As we turn our attention to being more eco conscious, many people are reducing how much meat and animal products they consume – or give them up altogether. Suszi Saunders took it beyond a plant-based diet: when she turned vegan, she saw it as an opportunity to bring her home up to standard, too. She spoke to my colleague Georgina about how her project came together.
“Creating a totally vegan home is definitely something that’s grown as time has gone on. It started off more about what I was eating, but then became much bigger than that,” reminisces Suszi Saunders, a hypnotherapist.
She and her husband Nat, a writer-producer, and their son Teddy, now five, moved from their top-floor flat in Crystal Palace into a Victorian property in south London, after looking for more living space, their own garden, and a place that allowed them to put their own spin on the design.
A blank canvas, they quickly set about getting Minifie Architects involved to help build a 3 x 7m rear extension to create an open-plan kitchen-living-dining area, as the original kitchen was, as Suszi describes it, “incredibly small”.
The resulting space, zoned for family living, includes a long run of units and a statement island – perfect for overseeing what’s happening elsewhere.
During the build the couple also decided to make the four-bedroom house into three, joining a box room and a cramped family bathroom into one larger space to include a freestanding tub and large walk-in shower.
Later, after the works were complete, Suszi and Nat also welcomed their second child.
Creating a vegan home
“I turned vegan about three months before we moved, which I saw as an opportunity to make everything I bought and used for our new home vegan friendly,” Suszi says – but it was no easy task. “I didn’t realise it would impact our interiors as much as it did,” she explains.
“For example, all the rugs we already owned were wool, the cushions and duvets were filled with feathers, and we had leather accessories and chairs. However, we were very mindful that although I didn’t feel comfortable in a leather chair – or having this stuff in our house – I didn’t want anything going to waste. So it was more a case of donating pieces to charity and slowly replacing things when it was time.”
Suszi started looking for plant-based alternatives, from vegan mattresses, organic cotton sheets, and rugs to wooden floors. Her vision for the ground floor was a dark interior, so she searched for paint companies that fit with her ideologies – Farrow & Ball, for example, met the brief.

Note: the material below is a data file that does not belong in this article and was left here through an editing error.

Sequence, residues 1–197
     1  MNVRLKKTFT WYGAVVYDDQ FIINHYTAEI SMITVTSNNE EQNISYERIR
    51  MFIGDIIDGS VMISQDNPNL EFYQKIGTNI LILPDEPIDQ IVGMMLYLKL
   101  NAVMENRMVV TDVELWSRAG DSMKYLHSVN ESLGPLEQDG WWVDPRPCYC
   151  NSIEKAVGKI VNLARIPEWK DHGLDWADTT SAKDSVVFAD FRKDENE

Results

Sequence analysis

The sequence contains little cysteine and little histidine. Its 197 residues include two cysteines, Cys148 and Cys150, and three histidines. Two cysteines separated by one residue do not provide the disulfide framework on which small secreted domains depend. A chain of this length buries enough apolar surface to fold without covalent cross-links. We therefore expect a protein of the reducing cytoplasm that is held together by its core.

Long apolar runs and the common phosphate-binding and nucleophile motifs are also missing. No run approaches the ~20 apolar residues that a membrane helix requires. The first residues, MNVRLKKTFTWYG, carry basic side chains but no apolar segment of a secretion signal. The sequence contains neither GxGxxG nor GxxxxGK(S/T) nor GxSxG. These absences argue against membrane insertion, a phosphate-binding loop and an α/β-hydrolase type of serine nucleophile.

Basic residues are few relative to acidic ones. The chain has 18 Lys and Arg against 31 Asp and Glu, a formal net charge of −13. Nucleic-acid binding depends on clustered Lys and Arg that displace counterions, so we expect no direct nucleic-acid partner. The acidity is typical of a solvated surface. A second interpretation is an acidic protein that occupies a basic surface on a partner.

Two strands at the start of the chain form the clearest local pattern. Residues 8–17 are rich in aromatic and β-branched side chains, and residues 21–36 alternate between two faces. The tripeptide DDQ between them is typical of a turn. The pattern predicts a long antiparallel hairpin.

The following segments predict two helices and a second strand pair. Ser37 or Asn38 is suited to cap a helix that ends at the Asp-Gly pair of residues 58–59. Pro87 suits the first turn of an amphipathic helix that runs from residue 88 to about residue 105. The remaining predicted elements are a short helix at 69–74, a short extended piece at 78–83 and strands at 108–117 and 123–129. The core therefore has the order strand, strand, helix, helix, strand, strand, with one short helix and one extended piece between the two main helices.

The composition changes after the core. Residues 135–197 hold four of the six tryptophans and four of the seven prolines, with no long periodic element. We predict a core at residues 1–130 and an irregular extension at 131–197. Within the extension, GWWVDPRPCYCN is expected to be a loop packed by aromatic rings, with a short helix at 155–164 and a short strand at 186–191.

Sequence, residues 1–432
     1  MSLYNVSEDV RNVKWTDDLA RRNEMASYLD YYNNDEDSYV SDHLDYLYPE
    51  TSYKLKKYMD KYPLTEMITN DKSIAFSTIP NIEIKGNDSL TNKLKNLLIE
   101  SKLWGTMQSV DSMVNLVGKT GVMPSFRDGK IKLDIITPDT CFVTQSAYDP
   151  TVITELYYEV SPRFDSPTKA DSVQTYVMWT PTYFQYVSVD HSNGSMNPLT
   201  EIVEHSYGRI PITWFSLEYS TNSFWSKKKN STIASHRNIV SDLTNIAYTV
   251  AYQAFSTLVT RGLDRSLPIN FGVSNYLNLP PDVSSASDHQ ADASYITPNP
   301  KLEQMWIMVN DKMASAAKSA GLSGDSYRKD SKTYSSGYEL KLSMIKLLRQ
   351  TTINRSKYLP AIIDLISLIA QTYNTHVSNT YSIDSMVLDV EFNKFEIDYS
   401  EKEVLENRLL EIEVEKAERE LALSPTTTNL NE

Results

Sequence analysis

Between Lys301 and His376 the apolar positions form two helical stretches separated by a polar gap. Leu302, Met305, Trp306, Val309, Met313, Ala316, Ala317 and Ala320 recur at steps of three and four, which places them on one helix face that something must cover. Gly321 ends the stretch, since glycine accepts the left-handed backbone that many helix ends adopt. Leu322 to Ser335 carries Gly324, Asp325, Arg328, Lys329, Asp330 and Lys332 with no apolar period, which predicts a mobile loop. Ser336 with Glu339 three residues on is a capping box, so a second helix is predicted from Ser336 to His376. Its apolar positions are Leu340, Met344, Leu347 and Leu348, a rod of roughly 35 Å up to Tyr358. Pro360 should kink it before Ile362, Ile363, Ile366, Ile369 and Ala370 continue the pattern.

“I love this kind of palette as I feel it can add energy and depth to a room and provides a perfect backdrop to all our furnishings,” she explains. If she couldn’t find something, she asked around to see who could help – for instance, Graham & Green normally uses feathers in its designs, but made a bespoke sofa for her vegan home using foam.
Is it eco-friendly, too?
With the new décor, being kind to the planet with purchases came into focus. “It’s hard to be vegan and eco friendly – I can buy plastic, polyester or acrylic, which I did at first, but then I started thinking about the impact on the environment so tried to find things that could fit those two goals, which is actually really tough.”
So Suszi began to find other ways of living greener.
“We wanted marble kitchen worktops, but I knew production isn’t very eco friendly – it uses a lot of energy and may pollute water sources – so someone I know suggested concrete, which we decided on for the worktops and for the flooring,” she explains.
“Nat and I used old wooden boards to clad one wall and scaffolding planks to make shelves. We also bought lots of things from Ebay – including a vintage locker cabinet that’s now a shelving unit – while most of my chandeliers come from local reclamation yards and have been rewired. Nat and I try and source many things second hand as we can to reduce waste.”
Speaking about day-to-day life in her vegan home, Suszi adds: “It feels great to have your ethics in line with your home; it’s a weight off my shoulders. I’ve always wanted to be vegan but hadn’t been brave enough to do it at first.
“When I did it, I realised there was nothing to fear – now it feels quite liberating. It’s been a massive learning curve
and while I do the best I can, it’s not going to be 100% perfect yet. But little changes such as what we’ve done really are for the better.”
Photography: Rachael Smith.